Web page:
As a caregiver, you likely pay for some care costs out-of-pocket. Because of this, you may be eligible for tax credits and deductions. Tax rules are complex and can change. For more information, contact your state's Department of Revenue and/or seek help from a tax professional for advice about your state and situation. 

You may be eligible to deduct medical expenses from the taxes that you pay for yourself, your spouse and your dependents. Medical expenses include medical fees for diagnosis, prevention of disease, cure, hospital services, some long-term care and nursing services, and insurance premium payments for accident and health insurance.

For deducting medical expenses, you can deduct only the amount of your medical and dental expenses that is more than 10% of your adjusted gross income (AGI). Your AGI is found on form 1040, line 8b.

See IRS Publication 502: Medical and Dental Expenses, for a complete list of allowable expenses.

Child and Dependent Care Credit

If you paid someone to care for a child or a dependent so you could work or look for work, you may be able to reduce your tax by claiming the Child and Department Care Credit on your federal income tax return. The credit is a percentage of the amount of work related child and dependent care expenses you paid to a care provider. The credit can be up to 35% of your qualifying expenses, depending on your income.

Eligibility requirements include:

  • Taxpayer must live with the person they claim as a dependent for more than six months.
  • Taxpayer filing status must be single, head of household, qualifying widow(er) with a dependent child or married filing jointly.
  • Taxpayer must have earned income from wages, salaries, tips or other taxable income.

See IRS Publication 503: Child and Dependent Care Expenses for more information.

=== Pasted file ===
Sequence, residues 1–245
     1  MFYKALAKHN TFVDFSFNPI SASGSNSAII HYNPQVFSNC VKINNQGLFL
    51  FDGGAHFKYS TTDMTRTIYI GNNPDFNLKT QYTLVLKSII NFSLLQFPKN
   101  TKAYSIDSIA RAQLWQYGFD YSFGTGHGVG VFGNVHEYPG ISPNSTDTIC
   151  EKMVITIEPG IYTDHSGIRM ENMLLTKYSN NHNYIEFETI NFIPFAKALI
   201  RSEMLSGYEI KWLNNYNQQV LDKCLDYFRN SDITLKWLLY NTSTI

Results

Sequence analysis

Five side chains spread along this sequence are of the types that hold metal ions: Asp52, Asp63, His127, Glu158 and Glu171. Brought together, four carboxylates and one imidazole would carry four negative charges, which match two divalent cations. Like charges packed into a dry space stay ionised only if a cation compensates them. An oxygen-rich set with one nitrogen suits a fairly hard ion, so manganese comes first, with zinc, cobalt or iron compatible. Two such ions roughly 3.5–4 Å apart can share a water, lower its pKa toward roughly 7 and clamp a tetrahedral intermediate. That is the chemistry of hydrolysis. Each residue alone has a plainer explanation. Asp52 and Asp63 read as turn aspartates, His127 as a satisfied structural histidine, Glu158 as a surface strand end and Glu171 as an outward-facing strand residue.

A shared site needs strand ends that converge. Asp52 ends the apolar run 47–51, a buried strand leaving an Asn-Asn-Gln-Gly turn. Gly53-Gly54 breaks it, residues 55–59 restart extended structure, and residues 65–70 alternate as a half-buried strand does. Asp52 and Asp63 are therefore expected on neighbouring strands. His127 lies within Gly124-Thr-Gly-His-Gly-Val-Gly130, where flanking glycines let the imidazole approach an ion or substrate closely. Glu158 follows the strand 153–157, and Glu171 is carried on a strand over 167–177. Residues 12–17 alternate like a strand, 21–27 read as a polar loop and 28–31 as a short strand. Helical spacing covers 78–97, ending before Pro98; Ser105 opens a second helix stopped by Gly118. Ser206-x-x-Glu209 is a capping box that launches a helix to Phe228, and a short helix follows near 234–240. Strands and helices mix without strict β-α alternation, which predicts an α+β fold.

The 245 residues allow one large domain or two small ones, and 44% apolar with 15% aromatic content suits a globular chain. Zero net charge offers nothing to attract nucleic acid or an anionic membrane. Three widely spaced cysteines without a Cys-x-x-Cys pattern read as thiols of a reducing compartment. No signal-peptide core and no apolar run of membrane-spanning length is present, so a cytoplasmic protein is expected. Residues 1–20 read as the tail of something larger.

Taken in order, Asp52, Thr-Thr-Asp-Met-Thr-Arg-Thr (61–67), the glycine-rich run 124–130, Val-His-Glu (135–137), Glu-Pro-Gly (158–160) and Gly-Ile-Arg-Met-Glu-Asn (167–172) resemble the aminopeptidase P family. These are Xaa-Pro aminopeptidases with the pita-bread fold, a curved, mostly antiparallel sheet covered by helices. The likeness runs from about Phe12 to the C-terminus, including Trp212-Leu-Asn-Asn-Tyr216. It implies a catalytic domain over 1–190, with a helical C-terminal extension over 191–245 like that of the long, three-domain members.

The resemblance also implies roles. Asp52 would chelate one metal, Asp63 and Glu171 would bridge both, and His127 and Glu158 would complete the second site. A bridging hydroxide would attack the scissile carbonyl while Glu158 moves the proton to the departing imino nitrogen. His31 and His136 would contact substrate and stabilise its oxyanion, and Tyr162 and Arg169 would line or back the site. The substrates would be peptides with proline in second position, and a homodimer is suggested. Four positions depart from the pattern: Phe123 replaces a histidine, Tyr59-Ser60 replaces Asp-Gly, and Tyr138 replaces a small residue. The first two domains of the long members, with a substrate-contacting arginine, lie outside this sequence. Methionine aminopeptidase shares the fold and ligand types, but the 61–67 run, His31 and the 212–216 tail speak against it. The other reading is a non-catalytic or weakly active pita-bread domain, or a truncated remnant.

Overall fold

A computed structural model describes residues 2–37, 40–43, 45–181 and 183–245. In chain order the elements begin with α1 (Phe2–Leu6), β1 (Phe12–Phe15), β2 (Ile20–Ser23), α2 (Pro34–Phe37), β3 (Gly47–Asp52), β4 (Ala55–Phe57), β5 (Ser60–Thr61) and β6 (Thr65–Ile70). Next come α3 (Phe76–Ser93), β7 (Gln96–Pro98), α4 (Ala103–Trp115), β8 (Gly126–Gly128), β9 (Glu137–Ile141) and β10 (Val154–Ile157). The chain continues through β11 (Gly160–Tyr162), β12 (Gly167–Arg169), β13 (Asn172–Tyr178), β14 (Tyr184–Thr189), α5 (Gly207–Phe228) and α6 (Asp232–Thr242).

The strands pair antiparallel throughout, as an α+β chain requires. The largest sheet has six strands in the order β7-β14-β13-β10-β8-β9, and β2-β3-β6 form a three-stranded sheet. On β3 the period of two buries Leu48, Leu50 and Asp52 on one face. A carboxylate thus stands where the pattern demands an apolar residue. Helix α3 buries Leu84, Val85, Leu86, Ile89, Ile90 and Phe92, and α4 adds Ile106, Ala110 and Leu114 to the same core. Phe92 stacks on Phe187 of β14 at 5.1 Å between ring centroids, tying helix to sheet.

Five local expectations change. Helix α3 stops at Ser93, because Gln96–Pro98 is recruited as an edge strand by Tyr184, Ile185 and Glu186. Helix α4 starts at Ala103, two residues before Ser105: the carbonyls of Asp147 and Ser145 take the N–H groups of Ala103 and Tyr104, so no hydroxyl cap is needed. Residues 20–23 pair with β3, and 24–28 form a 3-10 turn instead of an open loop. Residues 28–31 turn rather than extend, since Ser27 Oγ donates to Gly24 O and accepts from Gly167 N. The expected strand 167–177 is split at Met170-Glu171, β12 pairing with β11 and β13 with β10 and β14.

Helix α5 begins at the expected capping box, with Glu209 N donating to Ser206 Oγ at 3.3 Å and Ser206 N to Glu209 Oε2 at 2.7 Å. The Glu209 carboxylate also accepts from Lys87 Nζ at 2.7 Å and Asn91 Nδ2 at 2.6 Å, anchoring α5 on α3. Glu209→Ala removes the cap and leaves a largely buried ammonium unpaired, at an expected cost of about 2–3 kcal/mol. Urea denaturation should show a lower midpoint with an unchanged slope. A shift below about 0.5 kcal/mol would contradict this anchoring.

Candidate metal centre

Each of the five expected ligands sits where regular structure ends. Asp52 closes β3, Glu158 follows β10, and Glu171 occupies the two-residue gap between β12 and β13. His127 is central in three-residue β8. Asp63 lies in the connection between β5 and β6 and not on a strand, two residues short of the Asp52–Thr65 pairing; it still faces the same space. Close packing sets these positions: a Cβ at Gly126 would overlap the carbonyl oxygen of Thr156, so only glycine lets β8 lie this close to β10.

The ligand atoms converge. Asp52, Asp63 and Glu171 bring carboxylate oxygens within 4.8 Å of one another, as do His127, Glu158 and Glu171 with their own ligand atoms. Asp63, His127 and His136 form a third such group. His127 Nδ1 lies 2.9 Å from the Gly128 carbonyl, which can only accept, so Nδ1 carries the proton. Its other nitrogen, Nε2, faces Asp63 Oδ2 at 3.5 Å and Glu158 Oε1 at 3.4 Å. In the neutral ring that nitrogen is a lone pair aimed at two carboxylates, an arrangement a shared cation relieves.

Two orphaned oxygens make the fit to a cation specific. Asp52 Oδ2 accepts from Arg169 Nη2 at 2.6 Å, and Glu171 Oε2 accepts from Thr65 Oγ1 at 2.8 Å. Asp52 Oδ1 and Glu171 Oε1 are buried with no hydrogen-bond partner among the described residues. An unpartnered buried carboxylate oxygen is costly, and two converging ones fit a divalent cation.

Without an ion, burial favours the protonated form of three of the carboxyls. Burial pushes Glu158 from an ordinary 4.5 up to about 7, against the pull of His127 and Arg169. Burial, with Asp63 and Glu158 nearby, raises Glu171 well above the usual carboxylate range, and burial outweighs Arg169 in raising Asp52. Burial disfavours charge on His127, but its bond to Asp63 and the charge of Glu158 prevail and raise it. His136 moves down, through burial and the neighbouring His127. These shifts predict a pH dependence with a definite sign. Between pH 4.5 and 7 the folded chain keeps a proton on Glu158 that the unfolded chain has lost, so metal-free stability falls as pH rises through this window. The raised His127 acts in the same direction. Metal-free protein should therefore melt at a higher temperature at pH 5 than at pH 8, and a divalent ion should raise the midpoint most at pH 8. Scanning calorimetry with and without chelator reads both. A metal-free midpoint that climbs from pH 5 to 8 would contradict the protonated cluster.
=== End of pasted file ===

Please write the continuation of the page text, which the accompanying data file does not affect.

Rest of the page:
Tip: If you pay someone to come to your home and care for the person with dementia, you may be a household employer and may have to withhold and pay Social Security and Medicare tax and pay federal unemployment tax. See IRS Publication 926: Household Employer's Tax Guide.

Caregiver tax credits and deductions

Certain states have additional tax deductions or tax credits to provide financial relief to caregivers. These tax programs build on the federal tax credit, which reduces the amount of income taxes a family owes. Note that each state program differs by name and eligibility requirements.

Long-term care insurance

If you purchase long-term care insurance, you may be eligible for a credit or deduction on your taxes because qualified long-term care insurance premiums are considered a medical expense. Some states require that your long-term care policy be qualified, meaning in the policy:

  • Does not reimburse for services/items that would otherwise be reimbursed by Medicare.
  • Does not provide cash upon cancellation of the policy, known as “Cash Surrender Value.”
  • Is guaranteed renewable, meaning that you are required to renew the policy for a specified amount of time, regardless of any changes to your health.

Help is available

Note: This information is not intended as tax advice. The determination of how tax laws affect a taxpayer depends on the taxpayer’s situation. A taxpayer may be affected by exceptions to the general rules and by other laws not discussed here. Therefore, taxpayers are encouraged to seed advice from a competent tax professional.